The campaign worked to stop British involvement in the Ilisu dam and to
highlight the wider implications of Britain's ethical foreign policy,
sustainable development and its effect on peace and security in the region.
The Dam would have:
• made 30-78,000 Kurds homeless
• destroyed sites of major cultural and archeological significance
• created environmental disaster
• in conjunction with other Turkish projects affected the flow of water into
Syria and Iraq
The British taxpayer was going to help fund this to the tune of £200 million
given in underwriting to the construction company Balfour Beatty from the export
credit guarantee dept.
The Ilisu Dam Campaign defeated:
• 3 multinationals
• 1 swiss bank
• 7 companies
• 1 torturing state
• the british government
• 7 Export credit agencies
"There have always been very strong human rights and environmental grounds why
this project should not go ahead. Following Balfour Beatty's decision (..to
withdraw from the project..) we now call on the UK government to confirm that it
will not back the controversial Ilisu Dam"
Multinationals and eight governments are planning to build the Ilisu dam in
south-east Turkey. Britain's New Labour Government is a key player.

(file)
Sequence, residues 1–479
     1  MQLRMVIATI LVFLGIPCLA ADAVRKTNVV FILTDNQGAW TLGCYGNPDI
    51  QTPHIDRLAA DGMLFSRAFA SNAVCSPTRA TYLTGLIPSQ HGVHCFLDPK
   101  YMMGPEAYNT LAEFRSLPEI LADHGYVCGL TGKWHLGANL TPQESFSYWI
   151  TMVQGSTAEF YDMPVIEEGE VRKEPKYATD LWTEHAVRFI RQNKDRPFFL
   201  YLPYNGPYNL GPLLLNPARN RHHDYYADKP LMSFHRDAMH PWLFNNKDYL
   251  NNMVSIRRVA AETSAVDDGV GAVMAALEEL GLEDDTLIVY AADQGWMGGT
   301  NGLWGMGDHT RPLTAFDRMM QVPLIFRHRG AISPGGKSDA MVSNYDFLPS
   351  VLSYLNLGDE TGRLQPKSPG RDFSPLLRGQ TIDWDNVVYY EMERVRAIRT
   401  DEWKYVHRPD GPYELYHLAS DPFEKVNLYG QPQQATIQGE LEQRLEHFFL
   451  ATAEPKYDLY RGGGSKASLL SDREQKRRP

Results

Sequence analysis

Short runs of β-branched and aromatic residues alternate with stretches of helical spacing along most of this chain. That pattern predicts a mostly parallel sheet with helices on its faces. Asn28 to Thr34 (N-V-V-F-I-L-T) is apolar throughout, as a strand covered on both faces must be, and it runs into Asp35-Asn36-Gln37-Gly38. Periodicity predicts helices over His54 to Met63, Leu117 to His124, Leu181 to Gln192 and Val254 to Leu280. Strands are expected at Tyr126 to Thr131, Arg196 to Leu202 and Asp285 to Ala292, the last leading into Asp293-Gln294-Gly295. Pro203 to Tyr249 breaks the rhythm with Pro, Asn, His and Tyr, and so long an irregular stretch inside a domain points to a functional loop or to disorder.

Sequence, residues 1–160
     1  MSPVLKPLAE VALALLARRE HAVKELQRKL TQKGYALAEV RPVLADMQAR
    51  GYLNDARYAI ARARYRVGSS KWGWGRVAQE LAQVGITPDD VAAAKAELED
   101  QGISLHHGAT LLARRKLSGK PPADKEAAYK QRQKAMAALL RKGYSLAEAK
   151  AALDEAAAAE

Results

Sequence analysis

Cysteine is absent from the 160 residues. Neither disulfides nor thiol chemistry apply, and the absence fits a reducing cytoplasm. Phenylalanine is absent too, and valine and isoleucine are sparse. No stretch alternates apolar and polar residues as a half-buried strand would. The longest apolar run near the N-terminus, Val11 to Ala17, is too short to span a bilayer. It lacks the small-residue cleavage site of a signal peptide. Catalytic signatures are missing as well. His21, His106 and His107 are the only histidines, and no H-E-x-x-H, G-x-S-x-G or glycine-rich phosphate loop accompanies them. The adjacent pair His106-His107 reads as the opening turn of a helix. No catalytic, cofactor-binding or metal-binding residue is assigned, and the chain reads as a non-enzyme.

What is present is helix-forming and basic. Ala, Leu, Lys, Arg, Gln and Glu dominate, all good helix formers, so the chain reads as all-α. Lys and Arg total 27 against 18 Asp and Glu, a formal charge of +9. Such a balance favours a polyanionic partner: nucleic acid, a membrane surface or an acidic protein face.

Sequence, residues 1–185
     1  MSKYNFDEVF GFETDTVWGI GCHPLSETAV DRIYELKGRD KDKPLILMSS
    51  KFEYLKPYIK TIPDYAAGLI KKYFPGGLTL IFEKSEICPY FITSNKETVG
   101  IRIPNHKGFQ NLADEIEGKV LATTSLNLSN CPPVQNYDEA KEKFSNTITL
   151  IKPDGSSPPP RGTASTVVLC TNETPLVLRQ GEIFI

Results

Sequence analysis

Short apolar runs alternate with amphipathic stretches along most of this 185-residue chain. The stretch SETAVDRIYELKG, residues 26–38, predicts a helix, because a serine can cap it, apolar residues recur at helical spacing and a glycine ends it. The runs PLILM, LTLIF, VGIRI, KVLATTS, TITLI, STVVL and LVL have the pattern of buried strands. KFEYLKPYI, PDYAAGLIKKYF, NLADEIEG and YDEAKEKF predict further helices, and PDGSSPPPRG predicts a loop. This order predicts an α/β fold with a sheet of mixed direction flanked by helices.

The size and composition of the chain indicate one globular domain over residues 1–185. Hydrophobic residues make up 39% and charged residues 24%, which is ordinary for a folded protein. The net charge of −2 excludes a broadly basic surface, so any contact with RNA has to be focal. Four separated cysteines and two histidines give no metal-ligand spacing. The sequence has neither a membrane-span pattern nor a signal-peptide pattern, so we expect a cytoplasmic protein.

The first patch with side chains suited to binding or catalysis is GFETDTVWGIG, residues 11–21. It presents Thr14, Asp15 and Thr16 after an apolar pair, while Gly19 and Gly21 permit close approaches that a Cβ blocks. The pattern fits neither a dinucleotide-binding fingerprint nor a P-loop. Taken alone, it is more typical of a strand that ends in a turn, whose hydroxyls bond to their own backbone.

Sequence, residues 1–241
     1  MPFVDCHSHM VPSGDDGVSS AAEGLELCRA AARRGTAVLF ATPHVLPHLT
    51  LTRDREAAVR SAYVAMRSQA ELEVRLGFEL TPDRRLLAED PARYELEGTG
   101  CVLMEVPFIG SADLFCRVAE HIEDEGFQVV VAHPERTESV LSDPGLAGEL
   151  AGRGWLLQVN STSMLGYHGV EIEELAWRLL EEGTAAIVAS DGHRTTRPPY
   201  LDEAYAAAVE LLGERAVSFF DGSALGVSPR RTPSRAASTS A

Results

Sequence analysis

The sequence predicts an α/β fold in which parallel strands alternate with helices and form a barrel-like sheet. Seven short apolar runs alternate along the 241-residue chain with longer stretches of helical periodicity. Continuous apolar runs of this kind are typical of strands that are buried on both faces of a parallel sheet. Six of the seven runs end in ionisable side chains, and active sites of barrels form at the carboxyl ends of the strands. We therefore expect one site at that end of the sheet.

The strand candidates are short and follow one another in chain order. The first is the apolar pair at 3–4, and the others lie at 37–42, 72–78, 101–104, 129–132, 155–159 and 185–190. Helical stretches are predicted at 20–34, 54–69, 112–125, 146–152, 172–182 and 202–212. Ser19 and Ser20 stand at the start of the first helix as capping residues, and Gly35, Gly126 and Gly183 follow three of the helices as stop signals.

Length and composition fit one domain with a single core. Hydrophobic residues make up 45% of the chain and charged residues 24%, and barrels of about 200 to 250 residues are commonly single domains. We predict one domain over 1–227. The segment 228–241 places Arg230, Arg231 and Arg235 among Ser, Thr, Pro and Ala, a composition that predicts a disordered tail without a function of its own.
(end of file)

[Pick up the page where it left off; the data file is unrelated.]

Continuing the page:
The dam will force 25,000 people from their homes. Another 11,000 people will
lose their farmlands and livelihoods. Most of them are ethnic Kurds. Many see
the project as part of a wider strategy of ethnic cleansing. There has been no
agreed resettlement plan and minimal consultation with the people.
The area around the Ilisu dam has been devastated by 16 years of armed conflict
between the Kurdistan Workers Party (PKK) and the Turkish State - a regime armed
by the UK. More than 30,000 people have been killed and 3 million displaced.
Despite the 1 September 1999 PKK decision to pursue a peaceful political
solution to the as yet unresolved Kurdish question, many parts of the region
remain a war zone.
The dam will . Imagine Turkey - or any other country - backing a UK government
plan to flood Stonehenge? Hasankeyf's treasures will be lost forever.
The dam will destroy the surrounding environment. With other planned dams it
will also control 50% of the downstream flow of the river Tigris into Syria and
Iraq. Already analysts are stating that the future wars in the area will be
fought over water. Turkey has already long threatened to block water flows to
its downstream neighbours.
Turkey needs power but there are viable alternatives that have not been